Neurophysiological correlates of memory change in children with fetal alcohol spectrum disorders treated with choline
BACKGROUND: Prenatal and early postnatal choline supplementation reduces cognitive and behavioral deficits in animal models of Fetal Alcohol Spectrum Disorder (FASD). In a previously published 9-month clinical trial of choline supplementation in children with FASD, we reported that postnatal choline was associated with improved performance on a hippocampal-dependent recognition memory task. The current paper describes the neurophysiological correlates of that memory performance for trial completers. METHODS: Children with FASD ( = 24) who were enrolled in a clinical trial of choline supplementation were followed for 9 months. Delayed recall on a 9-step elicited imitation task (EI) served as the behavioral measure of recognition memory. Neurophysiological correlates of memory were assessed event-related potentials (ERP). RESULTS: Delayed recall on EI was correlated with two ERP components commonly associated with recognition memory in young children: middle latency negative component (Nc amplitude; range: = -0.41 to = -0.44) and positive slow wave (PSW area under the curve; range: = -0.45 to = -0.63). No significant ERP differences were observed between the choline and placebo groups at the conclusion of the trial. CONCLUSION: Although the small sample size limits the ability to draw clear conclusions about the treatment effect of choline on ERP, the results suggest a relationship between memory performance and underlying neurophysiological status in FASD. This trial was registered.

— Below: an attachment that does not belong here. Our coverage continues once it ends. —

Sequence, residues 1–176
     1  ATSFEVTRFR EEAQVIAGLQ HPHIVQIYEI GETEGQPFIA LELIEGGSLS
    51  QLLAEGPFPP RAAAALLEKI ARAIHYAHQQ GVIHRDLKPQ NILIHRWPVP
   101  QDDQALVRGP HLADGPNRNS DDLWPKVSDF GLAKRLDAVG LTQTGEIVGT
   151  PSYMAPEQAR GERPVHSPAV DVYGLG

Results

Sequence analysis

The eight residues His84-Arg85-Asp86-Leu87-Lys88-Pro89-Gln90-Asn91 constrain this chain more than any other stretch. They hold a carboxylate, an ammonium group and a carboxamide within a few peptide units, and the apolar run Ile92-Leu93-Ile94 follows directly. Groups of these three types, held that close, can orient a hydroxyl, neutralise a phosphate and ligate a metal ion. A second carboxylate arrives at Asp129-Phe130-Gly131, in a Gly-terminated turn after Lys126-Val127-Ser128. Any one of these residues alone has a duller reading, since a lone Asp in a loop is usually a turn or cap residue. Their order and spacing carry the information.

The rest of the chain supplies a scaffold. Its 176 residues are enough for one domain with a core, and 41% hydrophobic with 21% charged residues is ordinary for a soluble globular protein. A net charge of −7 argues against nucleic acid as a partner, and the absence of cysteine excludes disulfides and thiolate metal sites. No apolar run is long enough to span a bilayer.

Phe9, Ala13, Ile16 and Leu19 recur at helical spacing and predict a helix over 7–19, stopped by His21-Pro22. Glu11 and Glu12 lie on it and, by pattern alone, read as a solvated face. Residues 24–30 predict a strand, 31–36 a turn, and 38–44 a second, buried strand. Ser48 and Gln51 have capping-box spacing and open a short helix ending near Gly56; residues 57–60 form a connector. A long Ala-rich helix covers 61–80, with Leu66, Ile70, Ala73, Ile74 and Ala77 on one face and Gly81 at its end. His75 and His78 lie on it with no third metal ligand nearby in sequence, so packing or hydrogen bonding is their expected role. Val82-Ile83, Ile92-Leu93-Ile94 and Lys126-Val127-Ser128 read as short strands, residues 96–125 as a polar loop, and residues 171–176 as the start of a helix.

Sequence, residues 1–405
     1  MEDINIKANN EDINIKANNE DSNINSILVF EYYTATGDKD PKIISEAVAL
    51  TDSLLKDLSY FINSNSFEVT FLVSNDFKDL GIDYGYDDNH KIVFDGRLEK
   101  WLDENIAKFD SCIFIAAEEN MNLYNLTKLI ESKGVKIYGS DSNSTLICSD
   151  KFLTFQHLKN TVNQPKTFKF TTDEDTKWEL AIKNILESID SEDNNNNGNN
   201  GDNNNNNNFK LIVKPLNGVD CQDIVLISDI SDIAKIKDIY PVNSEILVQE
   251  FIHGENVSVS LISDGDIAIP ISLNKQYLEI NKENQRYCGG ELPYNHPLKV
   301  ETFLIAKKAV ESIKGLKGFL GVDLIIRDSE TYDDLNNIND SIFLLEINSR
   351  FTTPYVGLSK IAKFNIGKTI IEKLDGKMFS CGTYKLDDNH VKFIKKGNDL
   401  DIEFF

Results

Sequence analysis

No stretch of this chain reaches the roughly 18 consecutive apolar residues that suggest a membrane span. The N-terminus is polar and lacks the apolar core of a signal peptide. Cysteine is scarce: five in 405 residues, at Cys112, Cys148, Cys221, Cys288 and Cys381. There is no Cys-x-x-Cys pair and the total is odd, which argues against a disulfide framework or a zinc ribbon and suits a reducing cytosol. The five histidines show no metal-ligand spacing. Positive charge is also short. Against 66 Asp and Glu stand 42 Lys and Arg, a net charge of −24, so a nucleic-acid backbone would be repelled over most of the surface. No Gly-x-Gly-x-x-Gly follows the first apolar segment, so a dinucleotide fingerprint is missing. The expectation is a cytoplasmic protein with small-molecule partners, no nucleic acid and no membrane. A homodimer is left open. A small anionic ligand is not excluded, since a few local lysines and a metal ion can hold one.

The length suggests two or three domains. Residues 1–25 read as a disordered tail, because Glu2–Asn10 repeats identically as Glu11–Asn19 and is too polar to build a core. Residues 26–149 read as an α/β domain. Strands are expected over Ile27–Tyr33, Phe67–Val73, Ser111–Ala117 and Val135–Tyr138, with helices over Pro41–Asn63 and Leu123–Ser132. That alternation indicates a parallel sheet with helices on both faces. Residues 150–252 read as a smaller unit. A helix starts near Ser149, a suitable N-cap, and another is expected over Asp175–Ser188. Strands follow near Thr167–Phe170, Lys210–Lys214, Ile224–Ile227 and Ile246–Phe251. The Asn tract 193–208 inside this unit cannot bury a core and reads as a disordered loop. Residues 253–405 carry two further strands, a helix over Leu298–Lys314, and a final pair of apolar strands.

Frontiers in psychology
Digital Object Identifier (DOI)
Fuglestad, Anita J.; Miller, Neely C.; Fink, Birgit A.; Boys, Christopher J.; Eckerle, Judith K.; Georgieff, Michael K.; and Wozniak, Jeffrey R., "Neurophysiological correlates of memory change in children with fetal alcohol spectrum disorders treated with choline" (2022). UNF Faculty Research and Scholarship. 3180.